Cammy Madden: Within the movie, the time travel aspect did work for me. However, I feel like they’ve left it too open and didn’t fully explain why other certain things couldn’t be changed via time travel. I feel like they should have connected the time travel element to the infinity stones in some way so that once the stones were gone, time travel wouldn’t be possible in future movies or couldn’t change anything extra within Endgame.

I also think that they used time travel to force too many characters into the movie. I mean, I’m completely for the appearances of older characters. I was hoping to see Ultron, so I was a little disappointed that he didn’t appear, but seeing characters like Crossbones and Pierce again just felt unnecessary beyond comic effect. The part where they watch Star Lord dancing around within the context of the Guardians of the Galaxy into did make me laugh, though.

Collin Willis: It worked as well as it needed to. There were definitely some plot holes opened up but it was a nice dive into Easter Eggs and the history of the franchise.

John Tuttle: Some of the time travel seemed to be as much BS as Back to the Future. (Love how others started throwing out pop culture references here.) However, the entire association with Nebula’s past, present, and future — I felt — was brilliant; her infiltration was a fantastic and volatile trigger within the plot.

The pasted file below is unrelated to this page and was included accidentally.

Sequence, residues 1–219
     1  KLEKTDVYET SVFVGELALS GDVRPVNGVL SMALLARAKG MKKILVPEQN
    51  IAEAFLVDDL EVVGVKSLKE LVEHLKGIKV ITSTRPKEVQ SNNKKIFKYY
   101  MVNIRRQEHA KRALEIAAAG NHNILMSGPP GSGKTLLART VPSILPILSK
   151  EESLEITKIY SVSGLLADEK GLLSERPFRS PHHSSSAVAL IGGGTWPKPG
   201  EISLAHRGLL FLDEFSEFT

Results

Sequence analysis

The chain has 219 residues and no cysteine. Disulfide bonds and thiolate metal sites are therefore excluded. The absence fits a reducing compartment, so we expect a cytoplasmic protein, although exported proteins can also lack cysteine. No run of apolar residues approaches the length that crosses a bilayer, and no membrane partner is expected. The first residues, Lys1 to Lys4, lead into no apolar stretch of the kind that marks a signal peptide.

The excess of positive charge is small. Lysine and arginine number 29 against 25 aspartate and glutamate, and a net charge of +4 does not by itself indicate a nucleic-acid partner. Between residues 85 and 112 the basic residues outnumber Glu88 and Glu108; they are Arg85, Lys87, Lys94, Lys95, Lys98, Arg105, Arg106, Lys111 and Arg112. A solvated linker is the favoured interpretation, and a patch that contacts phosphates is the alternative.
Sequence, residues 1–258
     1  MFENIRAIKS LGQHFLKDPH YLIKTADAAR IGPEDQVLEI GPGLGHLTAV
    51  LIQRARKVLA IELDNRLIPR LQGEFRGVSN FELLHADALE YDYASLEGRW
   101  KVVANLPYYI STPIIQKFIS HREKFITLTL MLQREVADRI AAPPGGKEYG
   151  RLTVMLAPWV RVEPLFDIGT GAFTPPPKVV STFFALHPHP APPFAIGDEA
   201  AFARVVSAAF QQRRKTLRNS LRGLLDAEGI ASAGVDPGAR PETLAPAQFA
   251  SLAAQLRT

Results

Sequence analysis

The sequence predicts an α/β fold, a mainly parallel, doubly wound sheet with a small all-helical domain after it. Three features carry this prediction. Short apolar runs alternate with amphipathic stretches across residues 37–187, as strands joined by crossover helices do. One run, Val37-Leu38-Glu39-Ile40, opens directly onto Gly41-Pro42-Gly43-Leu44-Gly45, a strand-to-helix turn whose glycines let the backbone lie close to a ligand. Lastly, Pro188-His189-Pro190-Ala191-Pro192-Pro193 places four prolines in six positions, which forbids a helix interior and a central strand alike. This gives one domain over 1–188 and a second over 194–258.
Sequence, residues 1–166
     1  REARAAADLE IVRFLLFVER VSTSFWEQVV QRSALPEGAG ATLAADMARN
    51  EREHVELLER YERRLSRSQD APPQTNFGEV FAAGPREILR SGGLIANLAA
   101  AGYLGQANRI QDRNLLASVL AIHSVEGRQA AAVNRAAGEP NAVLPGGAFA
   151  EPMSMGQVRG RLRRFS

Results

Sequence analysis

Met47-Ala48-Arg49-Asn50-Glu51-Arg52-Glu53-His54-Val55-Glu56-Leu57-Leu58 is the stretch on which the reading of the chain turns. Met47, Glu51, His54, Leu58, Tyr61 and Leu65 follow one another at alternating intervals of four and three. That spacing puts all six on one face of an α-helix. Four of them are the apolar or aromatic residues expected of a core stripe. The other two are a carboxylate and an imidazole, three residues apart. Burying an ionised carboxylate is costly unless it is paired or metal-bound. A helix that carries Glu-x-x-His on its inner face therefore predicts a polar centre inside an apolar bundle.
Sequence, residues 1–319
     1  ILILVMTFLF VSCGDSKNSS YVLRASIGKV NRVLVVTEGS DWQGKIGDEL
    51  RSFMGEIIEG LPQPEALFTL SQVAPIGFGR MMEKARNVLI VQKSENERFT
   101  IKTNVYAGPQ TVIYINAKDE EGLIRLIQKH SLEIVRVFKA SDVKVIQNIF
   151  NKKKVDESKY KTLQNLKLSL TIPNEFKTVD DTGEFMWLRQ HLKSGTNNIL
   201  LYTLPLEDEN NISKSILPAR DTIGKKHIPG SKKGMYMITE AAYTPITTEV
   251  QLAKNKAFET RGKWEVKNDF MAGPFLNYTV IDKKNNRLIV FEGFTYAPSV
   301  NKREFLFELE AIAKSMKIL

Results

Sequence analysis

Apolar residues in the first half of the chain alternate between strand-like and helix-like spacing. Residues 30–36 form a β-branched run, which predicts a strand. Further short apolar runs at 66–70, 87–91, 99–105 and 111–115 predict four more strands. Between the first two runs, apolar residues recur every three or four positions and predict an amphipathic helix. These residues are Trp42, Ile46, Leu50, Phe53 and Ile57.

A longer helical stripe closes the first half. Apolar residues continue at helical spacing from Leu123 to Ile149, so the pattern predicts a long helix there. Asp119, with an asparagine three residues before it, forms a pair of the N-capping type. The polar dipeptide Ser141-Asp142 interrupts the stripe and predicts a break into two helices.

Olaf Lesniak: Even though it ended up making no sense, the build-up and the outcome of the time heist gave us some of the most satisfying moments in the history of MCU.

Natasha Alvar: Kind of?  It worked for the most part, with the exception of Steve going back to be with Peggy.

Nick Kush: All I know is that seeing pseudo-Ruffalo Hulk explain Endgame‘s rules for time travel was equally alarming and confusing.

What’s your opinion on Fat Thor?

Steven Ruiz: I loved him! It fit his character arc very well. After so many years of feeling guilty that you weren’t able to save the people you love, you would kind of go to a drunk depression like he did. It didn’t seem to be that big of a change since we saw he still had the intention of getting revenge on Thanos.